17 March, 2023

The Social Impact Award

Social Impact Award

The Social Impact Award

The Social Impact Award is a three-tiered accreditation that supports schools in embedding the UN Convention on the Rights of the Child (UNCRC) and the UN Sustainable Development Goals (SDGs / Global Goals) into their school ethos. It is based on principles of equality, dignity, respect, non-discrimination, and participation, and takes a whole-school approach to Children’s Rights education. The Award offers an opportunity to marry the SGDs to Children’s Rights and draw out their interconnectedness: it is through the achievement of the Global Goals that we ensure we are meeting Children’s Rights, and by ensuring Children’s Rights are at the core of everything we do, we enable young people to take action on the Global Goals. BISB was awarded the Bronze accreditation in August and we are working towards being one of the first Nord Anglia Schools to achieve the Silver accreditation later this year.


The Social Impact Award is based on the UNICEF Rights Respecting Schools Award that is currently running in 5000 schools in the UK and has a significant evidence base supporting it gathered through independent research and evaluations, surveys with over 190,000 pupils and over 20,000 staff, self-assessments by over 600 headteachers, School inspection reports, and accreditation visits. Data collected over three years shows consistent findings on areas of the Award’s impact, which are interconnected as shown in the diagram below:

  Social Impact Award

Knowledge about Children’s Rights is central to achieving these impacts, since they not only set standards that children can expect, but also empower children to challenge when these standards are not met.

The Award also connects to each of the four pillars of the Nord Anglia Education Strategy: Academic Results, Global Connectedness, Creativity, and Wellbeing, Resilience, and Purpose. Children who feel their rights are being acknowledged and respected feel more engaged in their surroundings and perform better academically. The Award allows students across NAE to feel a part of a global initiative to acknowledge young people’s rights. Students who feel safe and empowered in their settings feel freer to express themselves creatively. Young people who learn about rights are empowered to understand what their rights are and to speak up for those rights. Putting rights at the core of a school creates an ethos of respect and empathy in schools.

What’s more, the values of the Social Impact Award are in accord with the BISB mission of empowered students. The award consists of three strands that overlap with the BISB aims of empowering students through their learning (Learning About Rights), values (Learning Through Rights) and ability to take action (Learning For Rights).

Learning about Rights means that the United Nations Convention on the Rights of the Child (UNCRC) is made known to children, young people and adults who use this shared understanding to work for improved child well-being, school improvement, global justice and sustainable living through the Sustainable Development Goals. At BISB, we learn about Rights and the SDGs in assemblies and through events such as SDG-themed Week and World Children’s Day. A recent curriculum audit indicated that the SDGs are also well embedded across our whole-school academic curriculum. We will seek to increase awareness and understanding of the UNCRC themes and articles and their connection to the SDGs as we work towards our Silver accreditation.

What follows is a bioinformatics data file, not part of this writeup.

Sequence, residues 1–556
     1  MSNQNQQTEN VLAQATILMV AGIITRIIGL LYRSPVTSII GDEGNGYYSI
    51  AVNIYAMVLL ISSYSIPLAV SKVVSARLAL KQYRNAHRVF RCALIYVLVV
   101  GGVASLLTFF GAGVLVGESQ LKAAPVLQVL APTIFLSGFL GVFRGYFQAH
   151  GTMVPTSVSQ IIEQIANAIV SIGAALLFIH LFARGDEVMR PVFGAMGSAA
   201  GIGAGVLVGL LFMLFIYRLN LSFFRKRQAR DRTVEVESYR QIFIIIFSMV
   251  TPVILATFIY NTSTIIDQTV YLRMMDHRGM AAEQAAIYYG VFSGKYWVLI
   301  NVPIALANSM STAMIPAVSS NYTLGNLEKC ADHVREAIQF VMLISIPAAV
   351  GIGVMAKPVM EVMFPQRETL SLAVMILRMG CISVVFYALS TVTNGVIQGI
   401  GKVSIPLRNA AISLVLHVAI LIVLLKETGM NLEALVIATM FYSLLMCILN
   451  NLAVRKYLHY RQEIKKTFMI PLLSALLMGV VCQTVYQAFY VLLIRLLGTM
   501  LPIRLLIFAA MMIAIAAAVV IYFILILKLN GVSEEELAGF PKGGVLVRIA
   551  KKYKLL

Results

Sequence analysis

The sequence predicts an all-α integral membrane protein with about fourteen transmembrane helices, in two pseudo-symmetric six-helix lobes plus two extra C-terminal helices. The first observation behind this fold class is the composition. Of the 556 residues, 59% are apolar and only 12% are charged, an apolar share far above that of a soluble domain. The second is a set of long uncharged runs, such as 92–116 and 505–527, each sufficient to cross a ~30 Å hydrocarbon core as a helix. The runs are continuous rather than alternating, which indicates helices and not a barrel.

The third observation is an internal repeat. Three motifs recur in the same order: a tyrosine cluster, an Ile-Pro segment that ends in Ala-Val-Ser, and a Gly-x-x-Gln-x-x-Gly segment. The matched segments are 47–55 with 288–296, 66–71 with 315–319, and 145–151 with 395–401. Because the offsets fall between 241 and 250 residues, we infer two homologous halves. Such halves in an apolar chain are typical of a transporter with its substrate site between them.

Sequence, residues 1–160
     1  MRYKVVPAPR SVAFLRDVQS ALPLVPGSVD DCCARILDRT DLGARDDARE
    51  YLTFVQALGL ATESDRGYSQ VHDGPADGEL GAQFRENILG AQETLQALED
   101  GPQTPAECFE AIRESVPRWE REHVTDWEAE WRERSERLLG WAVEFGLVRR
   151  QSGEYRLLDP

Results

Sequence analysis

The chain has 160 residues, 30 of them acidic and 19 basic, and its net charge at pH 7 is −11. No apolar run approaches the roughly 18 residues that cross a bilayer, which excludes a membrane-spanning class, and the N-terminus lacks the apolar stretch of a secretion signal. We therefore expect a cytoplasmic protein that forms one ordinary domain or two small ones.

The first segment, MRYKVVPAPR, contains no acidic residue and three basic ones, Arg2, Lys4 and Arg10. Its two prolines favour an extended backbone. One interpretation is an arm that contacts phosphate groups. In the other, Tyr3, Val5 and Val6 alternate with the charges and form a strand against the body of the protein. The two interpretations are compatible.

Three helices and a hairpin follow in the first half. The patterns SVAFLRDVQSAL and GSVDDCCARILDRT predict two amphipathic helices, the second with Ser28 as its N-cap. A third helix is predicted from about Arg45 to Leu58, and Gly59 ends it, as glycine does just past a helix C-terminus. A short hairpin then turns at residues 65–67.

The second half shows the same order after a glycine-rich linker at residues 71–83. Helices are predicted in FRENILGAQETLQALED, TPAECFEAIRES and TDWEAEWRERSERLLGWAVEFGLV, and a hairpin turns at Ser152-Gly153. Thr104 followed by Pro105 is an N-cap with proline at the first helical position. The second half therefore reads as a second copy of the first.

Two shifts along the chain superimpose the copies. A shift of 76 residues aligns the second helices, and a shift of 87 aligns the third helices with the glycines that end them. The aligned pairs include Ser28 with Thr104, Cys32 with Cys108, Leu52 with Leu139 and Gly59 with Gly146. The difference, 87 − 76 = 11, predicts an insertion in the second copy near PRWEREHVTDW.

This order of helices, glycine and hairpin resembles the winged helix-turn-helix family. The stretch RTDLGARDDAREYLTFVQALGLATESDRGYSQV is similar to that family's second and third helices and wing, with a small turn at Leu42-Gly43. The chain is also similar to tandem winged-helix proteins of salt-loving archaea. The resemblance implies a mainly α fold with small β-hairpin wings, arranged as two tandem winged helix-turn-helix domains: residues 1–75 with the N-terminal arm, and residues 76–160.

Learning through Rights is about ethos and relationships. Actions and decisions affecting children are rooted, reviewed, and resolved through rights. Children, young people, and adults collaborate to develop and maintain a school community based on equality, dignity, respect, non-discrimination, and participation in an international community; this includes learning and teaching in a way that respects the rights of both educators and learners and promotes well-being. At BISB, Rights are embedded in our relationships and ethos through rights-respecting restorative approaches, a well-being focus in Primary check-ins and the Secondary Guidance and pastoral programme, events like International Week that celebrates diversity and Anti-bulling week that helps us know how to respect the rights of others, and through many opportunities for students to take on leadership and mentoring roles such as Student Council, House Leaders, Head Students and Prefects, SISU Representatives and our Peer-Mentoring scheme. 

Learning for Rights is about participation and action. Children are empowered to enjoy and exercise their rights and to promote the rights of others locally and globally, using this as a foundation for widening their Social Impact and working towards the global goals. At BISB, all students have opportunities to take action. In Primary, the Smart Student Council engages all students in democratic processes, giving them a voice in decisions that affect them, and providing the opportunity to start an action group on an issue they care about; the Secondary Service-learning curriculum involves all Secondary students in SDG action projects every year. Beyond the classroom, Social Impact CCAs like the Changemakers and events like the Wear Blue for World Children’s Day offer further ways to engage with the SDGs and for students to exercise their right to act. The Year 6 Yes Fair is an example of how action is embedded in our curriculum and the Changemaker Ambassadors’ Rewilding the Campus project, with the help of a Nord Anglia Charitable Giving Grant, exemplifies our students’ ability to affect change within our community. 

Overall, the Social Impact Award provides a robust, evidence-based framework to measure and inform the progress of our Social Impact efforts, helping us to continue our mission of embedding student empowerment across our school community and ethos.